Wild Boat

Alien theory is 'wild speculation,' says astronomer who found strange interstellar object - The Boston Globe

Harvard researchers’ suggestion that a strange interstellar object that invaded our solar system could have been an artificial object built by an alien civilization drew a lot of attention worldwide, but the truth is a little less exciting, the researcher who discovered the object said.

“Honestly, I think it’s a bit of wild speculation,” astronomer Robert Weryk told Canada’s CBC . “We actually think that’s not true based on the data that we obtained.”

Instead, he said, “I think it’s actually just a remnant from another solar system. . . . It’s just a remnant of a comet from a distant solar system, but we have no idea which one. It’s just something that happened to run into us.”

The object ‘Oumuamua — Hawaiian for “messenger from afar arriving first” — is the first ever observed intruding in the orbits of our planets. It was picked up by telescopes in October 2017 at the University of Hawaii’s Haleakalā Observatory. It is now on its way out of the solar system and expected to never return. Scientists say other “interstellar” objects may have sailed by in the past, undetected.

A new paper written by professor Avi Loeb, chairman of astronomy at Harvard, and postdoctoral researcher Shmuel Bialy suggested the object might be a light sail, or solar sail — a proposed method of powering spacecraft that uses a sail to catch radiation pressure and propel the spacecraft, just as a normal sail uses the wind to propel a boat.

The paper suggests the light sail theory because, Loeb said last week, the object has unexplained excess acceleration like a comet, which gets propelled when ice on it vaporizes. ‘Oumuamua had no tail like a comet, however, Loeb noted.

Weryk said he believes the object is a comet with a “small amount of outgassing that wasn’t visible directly from the ground. That’s why it didn’t appear to be a comet.”

Other researchers have also sounded notes of caution. Steven Beckwith, a professor of astronomy and director of the Space Science Laboratory at University of California, Berkeley, last week said, “The evidence for a light sail from some distant civilization is too weak to make a convincing case, but it is, nevertheless, fun to think about.”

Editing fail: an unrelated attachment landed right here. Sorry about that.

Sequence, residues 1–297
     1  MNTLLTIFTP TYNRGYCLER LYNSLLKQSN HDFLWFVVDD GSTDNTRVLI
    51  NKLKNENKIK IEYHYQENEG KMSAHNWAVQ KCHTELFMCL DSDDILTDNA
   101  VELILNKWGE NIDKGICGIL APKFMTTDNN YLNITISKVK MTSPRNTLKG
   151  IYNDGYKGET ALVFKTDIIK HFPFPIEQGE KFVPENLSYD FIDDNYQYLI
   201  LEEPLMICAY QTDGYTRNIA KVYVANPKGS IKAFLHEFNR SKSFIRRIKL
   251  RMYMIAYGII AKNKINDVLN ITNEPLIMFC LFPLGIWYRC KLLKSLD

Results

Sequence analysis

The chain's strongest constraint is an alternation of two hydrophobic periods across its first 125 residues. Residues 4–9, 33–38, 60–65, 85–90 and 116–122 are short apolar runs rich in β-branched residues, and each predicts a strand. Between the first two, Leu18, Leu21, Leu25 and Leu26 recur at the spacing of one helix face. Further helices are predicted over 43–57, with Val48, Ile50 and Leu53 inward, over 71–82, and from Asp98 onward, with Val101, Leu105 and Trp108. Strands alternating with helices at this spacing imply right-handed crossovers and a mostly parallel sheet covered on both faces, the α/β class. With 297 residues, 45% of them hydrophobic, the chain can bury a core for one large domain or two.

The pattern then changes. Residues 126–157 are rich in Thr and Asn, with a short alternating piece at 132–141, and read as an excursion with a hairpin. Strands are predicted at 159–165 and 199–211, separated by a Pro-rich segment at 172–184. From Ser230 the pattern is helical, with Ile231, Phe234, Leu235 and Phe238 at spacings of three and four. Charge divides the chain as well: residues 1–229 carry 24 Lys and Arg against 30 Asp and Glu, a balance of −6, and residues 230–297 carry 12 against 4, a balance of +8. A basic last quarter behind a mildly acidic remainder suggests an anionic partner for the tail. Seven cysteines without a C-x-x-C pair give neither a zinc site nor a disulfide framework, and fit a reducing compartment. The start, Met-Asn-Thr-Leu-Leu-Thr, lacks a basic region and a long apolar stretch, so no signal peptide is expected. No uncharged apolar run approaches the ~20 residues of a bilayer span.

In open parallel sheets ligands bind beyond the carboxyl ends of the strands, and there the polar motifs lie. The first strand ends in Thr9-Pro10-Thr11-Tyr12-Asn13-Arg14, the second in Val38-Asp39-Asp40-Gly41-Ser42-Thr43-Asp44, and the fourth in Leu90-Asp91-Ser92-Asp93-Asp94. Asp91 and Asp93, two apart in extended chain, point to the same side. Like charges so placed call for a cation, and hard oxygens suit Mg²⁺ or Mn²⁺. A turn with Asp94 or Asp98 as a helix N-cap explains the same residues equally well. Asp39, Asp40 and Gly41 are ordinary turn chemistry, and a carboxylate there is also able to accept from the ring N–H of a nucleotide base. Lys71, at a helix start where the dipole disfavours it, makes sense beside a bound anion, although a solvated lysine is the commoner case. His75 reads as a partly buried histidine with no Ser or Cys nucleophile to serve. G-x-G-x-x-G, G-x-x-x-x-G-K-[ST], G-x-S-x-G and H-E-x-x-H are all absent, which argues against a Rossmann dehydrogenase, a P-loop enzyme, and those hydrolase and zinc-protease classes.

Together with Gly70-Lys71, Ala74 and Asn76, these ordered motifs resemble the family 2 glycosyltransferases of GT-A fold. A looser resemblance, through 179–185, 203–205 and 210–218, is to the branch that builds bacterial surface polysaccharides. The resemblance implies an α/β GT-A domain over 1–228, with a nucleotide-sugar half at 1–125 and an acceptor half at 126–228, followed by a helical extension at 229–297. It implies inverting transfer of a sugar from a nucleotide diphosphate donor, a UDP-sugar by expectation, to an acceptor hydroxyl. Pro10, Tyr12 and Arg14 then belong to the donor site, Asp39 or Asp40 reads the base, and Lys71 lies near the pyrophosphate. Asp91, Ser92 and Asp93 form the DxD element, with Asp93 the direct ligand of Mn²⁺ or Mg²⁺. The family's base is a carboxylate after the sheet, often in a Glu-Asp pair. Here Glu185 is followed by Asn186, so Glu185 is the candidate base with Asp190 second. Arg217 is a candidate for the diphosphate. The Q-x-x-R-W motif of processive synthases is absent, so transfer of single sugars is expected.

“I think a lot of people like to consider exotic possibilities. It really opens more questions of ‘What if?’ But for this particular case, I think the data clearly states that this is a natural object. There’s no reason to think it’s anything but that,” Weryk told CBC.

Loeb said Tuesday in an e-mail, “Our paper follows the standard scientific methodology: an anomaly is observed in data, the standard explanation fails to explain it and so an alternative interpretation is proposed. I encourage anyone with a better explanation to write a paper about it and publish it. Wrong interpretations can be ruled out when more data will be released on `Oumuamua or other members of its population in the future.”

“The nature of `Oumuamua will not be dictated by a popularity contest on Twitter. It is what it is, and the sarcasm expressed by critics is irrelevant,” he said.

Source: www.bostonglobe.com

Snowy Day Disaster! Truck Slides Down Boat Ramp Into Lake Of The Ozarks - Lake Expo

The truck slid down a snow and ice-covered boat ramp into the Lake of the Ozarks, after the Lake area received at least three inches of snow on Monday. The driver of the truck was able to get out of the truck, before it sank, and safely swim to a nearby dock. The driver—who had reportedly been working on a nearby dock—was not injured in the incident.

According to an anonymous eyewitness, the truck floated out into the middle of the cove and sank. Also, according to neighbors who live in the cove, the truck was still at the bottom of the Lake on Tuesday, Nov. 13. Nearby homeowners say they are concerned about the potential environmental impact of the oil and gasoline and the possibility of their boats hitting the truck when using the private ramp. Neighbors have also contacted Ameren Missouri to ask what the procedure would be to get the truck removed from the cove.

According to one neighbor, the Missouri State Highway Patrol/Water Patrol had taken an incident report and said the truck would be removed.